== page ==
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CESA 3 Braille Club Gets Boost from Grant

Any kid who’s “different” can feel isolated, and in a rural area, it can be even tougher. So for low-vision and blind students in southwest Wisconsin’s CESA 3, the Braille Club has been a great way for kids and parents to get together and support each other.

And with the help of a grant from The Meemic Foundation, the club was able to better fulfill its mission with three new braillers, machines that let users type in braille. Vision teacher Cortney Jerrard runs the club, which meets about once a month, mostly at Richland Middle School.

“I applied for the grant on behalf of the Braille Club. I knew that (Cortney) did not have enough machines, and it frustrates everyone,” says Julie Prouty, director of special education at CESA 3. “I noticed last year at the club that the parents and children had to take turns using the braillers. It seemed a shame that the parents, most of whom do not have a vision issue, had to wait to type.”

Julie says only students who are recognized as legally blind are able to get free braillers, so the money was a big help for students who are less visually impaired and going blind.

The three new braillers bring the group’s total up to almost 10. When the club isn’t using them, they’re back in the schools so students can use them independently. It’s the school use that really makes the new machines helpful. CESA 3 is not near any large cities with good access to visual assistance.

With braillers in the schools, students can use them for themselves and also teach their peers, even when a vision teacher is not in the school. Between the schools and club, parents can learn to use them, as well, so they can better communicate with their children.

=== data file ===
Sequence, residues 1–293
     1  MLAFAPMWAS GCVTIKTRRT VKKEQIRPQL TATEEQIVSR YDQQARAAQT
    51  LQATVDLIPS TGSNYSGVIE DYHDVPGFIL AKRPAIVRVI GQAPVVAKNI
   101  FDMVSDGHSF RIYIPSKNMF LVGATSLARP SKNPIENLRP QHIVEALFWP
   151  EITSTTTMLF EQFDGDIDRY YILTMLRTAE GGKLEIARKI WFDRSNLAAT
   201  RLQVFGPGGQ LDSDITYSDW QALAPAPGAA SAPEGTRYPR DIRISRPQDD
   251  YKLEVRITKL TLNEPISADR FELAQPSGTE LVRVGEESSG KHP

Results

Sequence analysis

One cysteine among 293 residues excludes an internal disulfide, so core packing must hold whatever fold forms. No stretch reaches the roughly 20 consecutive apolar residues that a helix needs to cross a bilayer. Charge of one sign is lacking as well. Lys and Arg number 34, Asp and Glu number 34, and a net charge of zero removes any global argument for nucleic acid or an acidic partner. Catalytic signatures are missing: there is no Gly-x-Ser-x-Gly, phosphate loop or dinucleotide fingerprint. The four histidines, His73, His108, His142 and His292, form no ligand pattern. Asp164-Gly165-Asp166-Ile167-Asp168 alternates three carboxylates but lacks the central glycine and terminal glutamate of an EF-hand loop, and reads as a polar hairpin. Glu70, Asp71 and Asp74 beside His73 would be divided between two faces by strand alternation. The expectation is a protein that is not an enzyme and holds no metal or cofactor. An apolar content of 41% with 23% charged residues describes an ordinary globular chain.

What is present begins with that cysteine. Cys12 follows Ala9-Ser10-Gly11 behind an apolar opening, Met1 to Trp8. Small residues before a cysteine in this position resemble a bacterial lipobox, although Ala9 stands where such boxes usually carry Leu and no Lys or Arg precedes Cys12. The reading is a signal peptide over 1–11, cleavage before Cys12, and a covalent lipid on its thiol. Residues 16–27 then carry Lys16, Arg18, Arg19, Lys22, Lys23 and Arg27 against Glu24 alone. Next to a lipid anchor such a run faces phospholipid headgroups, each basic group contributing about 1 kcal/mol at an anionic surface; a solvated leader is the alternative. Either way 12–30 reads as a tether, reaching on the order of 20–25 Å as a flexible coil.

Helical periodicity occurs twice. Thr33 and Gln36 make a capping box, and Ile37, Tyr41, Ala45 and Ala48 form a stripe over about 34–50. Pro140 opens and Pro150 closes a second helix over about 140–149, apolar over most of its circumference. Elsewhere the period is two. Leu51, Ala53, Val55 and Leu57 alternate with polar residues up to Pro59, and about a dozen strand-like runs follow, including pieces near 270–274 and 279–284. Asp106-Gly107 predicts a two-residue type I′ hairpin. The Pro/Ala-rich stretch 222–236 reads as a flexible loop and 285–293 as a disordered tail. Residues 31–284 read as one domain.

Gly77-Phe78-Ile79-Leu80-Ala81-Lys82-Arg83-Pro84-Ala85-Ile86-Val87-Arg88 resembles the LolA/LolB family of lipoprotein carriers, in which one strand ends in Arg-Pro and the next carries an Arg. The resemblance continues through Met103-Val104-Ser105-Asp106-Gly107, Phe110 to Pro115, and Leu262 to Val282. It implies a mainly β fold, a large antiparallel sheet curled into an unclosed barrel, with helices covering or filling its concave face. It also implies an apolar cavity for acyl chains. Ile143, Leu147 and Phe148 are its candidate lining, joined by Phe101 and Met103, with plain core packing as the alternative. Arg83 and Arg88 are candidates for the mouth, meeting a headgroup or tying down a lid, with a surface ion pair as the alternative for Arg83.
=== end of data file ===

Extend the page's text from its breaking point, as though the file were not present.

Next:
“Since we are a rural group of districts, and there are very few connections for these kids, the club was invented by Cortney,” Julie says. “I attended the first club meeting, and there were smiles everywhere. Parents were translating braille jokes, and students were ‘typing’ their first letters. It was awesome to see parents helping each other with the awkward machines. The last meeting I attended, everyone had a brailler to use. There was a lot more typing going on. 

“The group is going strong, and we may hook up telecommunications with others across the state.  And when the students know each other, they may have braille pen pals.”

Julie says the district would like to institute a similar club for deaf and hard of hearing students with support and sign language classes for them and their parents.





Vision teacher Cortney Jerrard leads the group.



Julie Prouty (center), director of special education at CESA 3, joins vision teachers Jan Breuer (left) and Cortney Jerrard in celebrating their Meemic Foundation grant to purchase additional braille writers to support the blind and visually impaired students throughout their 31 school districts in southwest Wisconsin.